Available from: Lorie A. Kloda
- "To identify unpublished or ongoing trials, we will use methods that include reviewing trial registries and results databases (for example, ClinicalTrials.gov), pharmaceutical industry trial registries and results databases, regulatory agency online databases, regulatory agency submissions, litigation documents, and conferences abstracts, as well as contacting trialists and sponsors for unpublished or ongoing trials . "
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Depression is an important cause of disability among children and adolescents. Depression screening is one possible method for managing depression, and screening programs have been initiated in some school and medical settings. However, in 2005, the Canadian Task Force on Preventive Health Care and the United Kingdom National Institute of Clinical Excellence did not recommend depression screening among children and adolescents. By contrast, in 2009, the United States Preventive Services Task Force recommended that all adolescents, but not younger children, be screened for depression in medical settings with integrated depression management services, although no trials of screening were identified. The objectives of this systematic review are to evaluate in children and adolescents the accuracy of depression screening tools; depression treatment efficacy; whether depression screening improves depression outcomes; and potential harms related to depression interventions and screening.
Data sources will include the bibliographic databases MEDLINE, Cochrane CENTRAL, PsycINFO, EMBASE, LILACS and Web of Science, supplemented by reference harvesting of eligible articles, relevant systematic reviews, relevant guidelines and recommendations, and selected journals, and by searches for unpublished studies. Eligible studies will report data for children and adolescents aged 6 to 18 years. Eligible diagnostic accuracy studies must compare a depression screening tool to a validated diagnostic interview for major depressive disorder and report diagnostic accuracy data. Eligible treatment studies must be randomized controlled trials of pharmacological, psychotherapeutic, or other depression treatments commonly available for children and adolescents in pediatric, primary-care, and family medicine settings. Eligible screening studies must be randomized controlled trials that compare depression outcomes between children or adolescents who underwent depression screening versus those who did not. Studies of harms will include randomized controlled trials and observational studies that evaluate harms from depression screening or treatment. Two investigators will independently review titles and abstracts, followed by full article review. Disagreements will be resolved by consensus. Two investigators will independently extract the data, with discrepancies resolved via consensus.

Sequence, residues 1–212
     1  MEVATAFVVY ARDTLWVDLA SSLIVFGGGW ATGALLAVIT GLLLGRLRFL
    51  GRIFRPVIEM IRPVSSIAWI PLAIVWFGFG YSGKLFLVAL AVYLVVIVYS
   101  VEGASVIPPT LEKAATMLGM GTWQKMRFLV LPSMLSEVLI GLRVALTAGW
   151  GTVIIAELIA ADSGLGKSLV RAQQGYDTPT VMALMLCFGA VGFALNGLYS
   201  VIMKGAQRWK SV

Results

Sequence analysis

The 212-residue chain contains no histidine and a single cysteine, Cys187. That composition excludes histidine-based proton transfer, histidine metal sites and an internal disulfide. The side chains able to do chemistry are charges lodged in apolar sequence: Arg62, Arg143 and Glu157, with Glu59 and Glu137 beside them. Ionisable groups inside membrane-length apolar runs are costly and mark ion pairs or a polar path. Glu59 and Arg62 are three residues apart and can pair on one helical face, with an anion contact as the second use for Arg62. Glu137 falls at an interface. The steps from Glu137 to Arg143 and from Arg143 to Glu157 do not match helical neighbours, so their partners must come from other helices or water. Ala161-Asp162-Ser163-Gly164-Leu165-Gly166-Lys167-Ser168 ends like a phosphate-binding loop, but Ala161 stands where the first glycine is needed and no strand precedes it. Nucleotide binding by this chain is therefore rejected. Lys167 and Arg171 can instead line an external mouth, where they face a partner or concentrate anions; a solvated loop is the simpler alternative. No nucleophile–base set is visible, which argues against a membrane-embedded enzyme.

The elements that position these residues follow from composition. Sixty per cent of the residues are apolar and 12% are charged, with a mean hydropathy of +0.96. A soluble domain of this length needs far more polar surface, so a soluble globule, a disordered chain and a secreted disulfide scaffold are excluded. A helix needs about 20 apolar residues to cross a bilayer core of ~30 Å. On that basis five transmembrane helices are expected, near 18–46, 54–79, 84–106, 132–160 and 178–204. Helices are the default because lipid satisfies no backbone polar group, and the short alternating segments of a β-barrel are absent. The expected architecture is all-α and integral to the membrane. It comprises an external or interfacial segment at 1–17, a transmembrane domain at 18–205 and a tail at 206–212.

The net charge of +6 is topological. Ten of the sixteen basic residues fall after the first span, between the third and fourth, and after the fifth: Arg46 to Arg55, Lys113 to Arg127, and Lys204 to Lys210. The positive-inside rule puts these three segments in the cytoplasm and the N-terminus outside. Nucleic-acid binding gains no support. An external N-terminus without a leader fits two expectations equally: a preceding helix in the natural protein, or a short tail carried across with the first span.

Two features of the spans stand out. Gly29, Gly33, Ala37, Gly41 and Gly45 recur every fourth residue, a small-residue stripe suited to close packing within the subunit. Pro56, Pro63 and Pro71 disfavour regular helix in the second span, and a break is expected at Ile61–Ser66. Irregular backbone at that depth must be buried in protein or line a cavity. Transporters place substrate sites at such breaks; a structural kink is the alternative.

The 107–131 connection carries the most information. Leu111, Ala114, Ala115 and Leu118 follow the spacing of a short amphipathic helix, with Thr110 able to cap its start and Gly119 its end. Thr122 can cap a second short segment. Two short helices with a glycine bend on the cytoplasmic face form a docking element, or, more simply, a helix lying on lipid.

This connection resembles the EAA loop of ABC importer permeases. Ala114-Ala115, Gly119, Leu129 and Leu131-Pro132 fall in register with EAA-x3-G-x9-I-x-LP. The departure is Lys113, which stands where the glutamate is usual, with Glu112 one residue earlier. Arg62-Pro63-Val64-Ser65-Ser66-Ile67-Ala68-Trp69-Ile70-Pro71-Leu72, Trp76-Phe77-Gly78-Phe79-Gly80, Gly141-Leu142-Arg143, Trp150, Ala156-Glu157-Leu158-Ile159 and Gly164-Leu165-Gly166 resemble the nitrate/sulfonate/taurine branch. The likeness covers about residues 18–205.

The proposed systematic review will determine whether there is sufficient evidence of benefits in excess of harms and costs to support screening for depression in childhood and adolescence.